Mr Louis Tolley: The hon. Member says that it is a general practice. From what experience does he say that?
Mr Louis Tolley: It cannot be hanged.
Mr Louis Tolley: On a point of Order, is the hon. Member—
Mr Louis Tolley: Mr. Tolley indicated assent.
Mr Louis Tolley: Will my right hon. Friend not agree that there is discrimination in this matter? This is what is causing frustration in the country. Will he look at the matter to try to remove it?
Mr Louis Tolley: Is my right hon. Friend satisfied that the best use is made of the work of these committees?
Mr Louis Tolley: Will the right hon. Gentleman give the figures to the House of the net saving incurred as a result of these changes?
Mr Louis Tolley: Why not stand up and say it?
Mr Louis Tolley: Will my right hon. Friend remember that during the war no difficulties were allowed to stand in the way of the provision of these nurseries and that it is essential they should be brought into being again? Will he take all steps to see that the necessary equipment is provided? I think his excuse was a very weak one.
Mr Louis Tolley: Is my right hon. Friend aware that this sort of thing is having a most distressing effect throughout the country, and will he take steps to obviate unfairness of this character?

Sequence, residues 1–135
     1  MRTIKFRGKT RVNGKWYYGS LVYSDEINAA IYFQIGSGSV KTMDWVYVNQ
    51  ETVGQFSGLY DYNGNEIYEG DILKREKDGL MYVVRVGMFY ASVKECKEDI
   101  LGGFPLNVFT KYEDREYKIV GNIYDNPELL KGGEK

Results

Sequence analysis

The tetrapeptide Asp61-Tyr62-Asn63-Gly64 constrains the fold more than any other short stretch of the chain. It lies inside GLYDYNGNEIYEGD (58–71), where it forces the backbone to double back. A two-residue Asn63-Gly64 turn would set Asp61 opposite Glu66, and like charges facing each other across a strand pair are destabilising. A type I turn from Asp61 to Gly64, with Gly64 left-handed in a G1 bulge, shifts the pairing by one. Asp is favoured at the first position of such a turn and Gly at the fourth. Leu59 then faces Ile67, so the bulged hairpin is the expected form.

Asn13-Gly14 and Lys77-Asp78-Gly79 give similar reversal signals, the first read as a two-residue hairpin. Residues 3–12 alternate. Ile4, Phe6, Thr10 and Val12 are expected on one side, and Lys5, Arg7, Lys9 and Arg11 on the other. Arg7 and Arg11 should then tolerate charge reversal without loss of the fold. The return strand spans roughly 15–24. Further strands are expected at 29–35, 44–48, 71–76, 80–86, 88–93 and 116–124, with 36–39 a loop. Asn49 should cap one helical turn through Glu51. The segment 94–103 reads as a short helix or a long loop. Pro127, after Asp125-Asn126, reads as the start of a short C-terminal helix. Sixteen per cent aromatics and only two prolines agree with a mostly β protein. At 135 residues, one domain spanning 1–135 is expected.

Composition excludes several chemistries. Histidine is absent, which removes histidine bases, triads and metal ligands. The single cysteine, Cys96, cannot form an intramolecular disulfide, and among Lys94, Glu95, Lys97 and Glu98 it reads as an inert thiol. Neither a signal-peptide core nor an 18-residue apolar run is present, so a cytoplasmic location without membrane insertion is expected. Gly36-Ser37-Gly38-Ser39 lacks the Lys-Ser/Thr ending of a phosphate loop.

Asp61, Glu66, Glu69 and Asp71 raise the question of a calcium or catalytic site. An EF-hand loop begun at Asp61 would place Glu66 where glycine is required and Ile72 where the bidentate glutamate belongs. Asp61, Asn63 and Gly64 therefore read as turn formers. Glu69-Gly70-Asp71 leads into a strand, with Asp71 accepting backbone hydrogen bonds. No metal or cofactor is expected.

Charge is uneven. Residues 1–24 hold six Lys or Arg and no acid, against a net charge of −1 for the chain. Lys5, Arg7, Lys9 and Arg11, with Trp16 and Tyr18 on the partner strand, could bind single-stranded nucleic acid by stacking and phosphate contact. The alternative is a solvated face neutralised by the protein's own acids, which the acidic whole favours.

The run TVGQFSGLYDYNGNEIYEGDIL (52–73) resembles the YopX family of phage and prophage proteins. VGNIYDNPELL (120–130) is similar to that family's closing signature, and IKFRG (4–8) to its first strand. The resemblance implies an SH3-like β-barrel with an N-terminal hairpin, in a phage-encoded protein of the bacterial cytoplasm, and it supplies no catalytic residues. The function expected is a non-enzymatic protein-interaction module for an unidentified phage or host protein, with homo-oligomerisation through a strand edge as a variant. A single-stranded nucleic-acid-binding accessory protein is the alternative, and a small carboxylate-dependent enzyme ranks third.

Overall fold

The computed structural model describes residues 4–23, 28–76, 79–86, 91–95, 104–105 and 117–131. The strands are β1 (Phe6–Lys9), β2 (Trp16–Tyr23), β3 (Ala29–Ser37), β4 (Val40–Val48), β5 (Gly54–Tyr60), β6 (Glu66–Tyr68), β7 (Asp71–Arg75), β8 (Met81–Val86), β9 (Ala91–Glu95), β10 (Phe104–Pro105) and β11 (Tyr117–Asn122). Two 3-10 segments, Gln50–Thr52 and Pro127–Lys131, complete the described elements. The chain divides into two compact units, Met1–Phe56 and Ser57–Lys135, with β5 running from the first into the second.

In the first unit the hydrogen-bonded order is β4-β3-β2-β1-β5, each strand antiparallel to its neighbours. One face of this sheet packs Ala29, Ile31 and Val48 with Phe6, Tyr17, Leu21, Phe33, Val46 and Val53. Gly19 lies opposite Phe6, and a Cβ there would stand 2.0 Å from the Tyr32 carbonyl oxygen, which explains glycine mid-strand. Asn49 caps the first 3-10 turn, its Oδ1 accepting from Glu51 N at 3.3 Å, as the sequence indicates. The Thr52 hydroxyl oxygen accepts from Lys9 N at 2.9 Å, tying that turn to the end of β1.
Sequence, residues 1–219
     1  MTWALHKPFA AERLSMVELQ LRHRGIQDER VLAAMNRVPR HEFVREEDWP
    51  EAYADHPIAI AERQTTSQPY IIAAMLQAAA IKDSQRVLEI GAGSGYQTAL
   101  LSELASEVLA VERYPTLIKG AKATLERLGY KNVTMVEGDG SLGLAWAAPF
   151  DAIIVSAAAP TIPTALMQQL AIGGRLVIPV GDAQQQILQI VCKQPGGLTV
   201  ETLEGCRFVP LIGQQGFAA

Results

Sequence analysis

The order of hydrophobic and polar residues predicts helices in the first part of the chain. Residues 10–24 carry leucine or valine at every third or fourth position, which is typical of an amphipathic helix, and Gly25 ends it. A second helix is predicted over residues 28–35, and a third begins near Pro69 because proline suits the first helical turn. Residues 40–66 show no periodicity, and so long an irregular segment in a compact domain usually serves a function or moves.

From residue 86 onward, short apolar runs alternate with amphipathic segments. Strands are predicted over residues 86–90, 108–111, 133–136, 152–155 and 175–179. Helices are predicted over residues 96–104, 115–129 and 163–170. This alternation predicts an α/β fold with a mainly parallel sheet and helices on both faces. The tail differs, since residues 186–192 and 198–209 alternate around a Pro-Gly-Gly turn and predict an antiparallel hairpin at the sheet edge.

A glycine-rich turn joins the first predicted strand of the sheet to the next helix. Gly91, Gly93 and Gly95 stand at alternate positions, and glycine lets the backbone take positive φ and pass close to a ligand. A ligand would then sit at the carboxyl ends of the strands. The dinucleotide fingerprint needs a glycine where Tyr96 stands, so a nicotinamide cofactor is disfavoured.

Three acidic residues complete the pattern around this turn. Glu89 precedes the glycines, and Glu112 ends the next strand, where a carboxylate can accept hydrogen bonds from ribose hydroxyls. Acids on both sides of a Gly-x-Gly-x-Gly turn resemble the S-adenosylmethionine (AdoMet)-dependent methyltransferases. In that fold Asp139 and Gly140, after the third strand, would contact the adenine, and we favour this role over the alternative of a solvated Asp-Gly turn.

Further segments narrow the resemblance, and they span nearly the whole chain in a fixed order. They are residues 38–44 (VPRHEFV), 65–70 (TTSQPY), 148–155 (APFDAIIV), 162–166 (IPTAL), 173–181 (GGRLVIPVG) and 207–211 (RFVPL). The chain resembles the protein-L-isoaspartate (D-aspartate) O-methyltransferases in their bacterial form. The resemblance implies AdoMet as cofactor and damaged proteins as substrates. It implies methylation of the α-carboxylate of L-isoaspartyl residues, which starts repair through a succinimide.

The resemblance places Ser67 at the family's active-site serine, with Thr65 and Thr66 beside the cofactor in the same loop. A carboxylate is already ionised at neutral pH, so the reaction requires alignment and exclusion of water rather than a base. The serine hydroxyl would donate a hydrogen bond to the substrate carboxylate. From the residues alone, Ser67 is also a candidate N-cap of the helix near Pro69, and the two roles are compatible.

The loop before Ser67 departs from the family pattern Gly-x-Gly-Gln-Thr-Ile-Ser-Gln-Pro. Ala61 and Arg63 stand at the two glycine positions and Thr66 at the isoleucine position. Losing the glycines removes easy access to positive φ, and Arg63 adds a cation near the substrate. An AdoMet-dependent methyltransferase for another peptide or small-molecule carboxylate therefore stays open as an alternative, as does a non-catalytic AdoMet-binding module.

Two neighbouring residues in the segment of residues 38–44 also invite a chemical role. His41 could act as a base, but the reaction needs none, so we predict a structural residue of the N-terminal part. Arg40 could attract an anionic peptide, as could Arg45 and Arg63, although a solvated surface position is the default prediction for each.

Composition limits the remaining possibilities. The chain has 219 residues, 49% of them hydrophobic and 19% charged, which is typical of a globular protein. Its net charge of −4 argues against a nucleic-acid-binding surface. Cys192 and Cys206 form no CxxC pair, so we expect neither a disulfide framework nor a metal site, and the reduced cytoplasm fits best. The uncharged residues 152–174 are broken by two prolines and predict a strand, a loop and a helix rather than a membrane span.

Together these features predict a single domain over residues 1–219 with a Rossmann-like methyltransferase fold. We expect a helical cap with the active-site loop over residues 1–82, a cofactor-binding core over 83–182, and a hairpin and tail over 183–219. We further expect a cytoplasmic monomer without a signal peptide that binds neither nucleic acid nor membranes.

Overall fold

Mr Louis Tolley: Can my hon. Friend say whether a request has yet been received from the Commander in Palestine asking for additional troops to be sent out there to meet the difficult position?
Mr Louis Tolley: In introducing the Bill, the Minister spoke with a certain amount of enthusiasm for it, and in listening to this Debate, I have heard expressed in all parts of the House an enthusiasm which will be found among a large number of people outside this House. This is an attempt—only one of many attempts which, I hope, will be made—to solve a problem which has been troubling this country very...
Mr Louis Tolley: Will my right hon. Friend consider making it compulsory to set up joint production consultative committees, so that all these troubles can be avoided?
Mr Louis Tolley: Can my right hon. Friend say at what rate each week supplementary applications are still being received?
Mr Louis Tolley: How many have already returned to their homes?
Mr Louis Tolley: Can my right hon. Friend tell me whether the whole of this petrol is used solely for business purposes or for pleasure as well?
Mr Louis Tolley: Has my right hon. Friend seen a copy of the questions asked, and is he satisfied about them?
Mr Louis Tolley: Is the Minister satisfied that all possible steps are being taken?
Mr Louis Tolley: I think it right that as a Worcestershire man I should make some small contribution. I was privileged to know the late Lord Baldwin long before he entered the House of Commons. I remember a time when he was in business at Wilden and Stour Vale, and he walked morning and evening to and from those works. All the employees were known to him by their Christian names and he was loved, admired and...
Mr Louis Tolley: Can the right hon. Gentleman state how the figures compare with the figures before the war?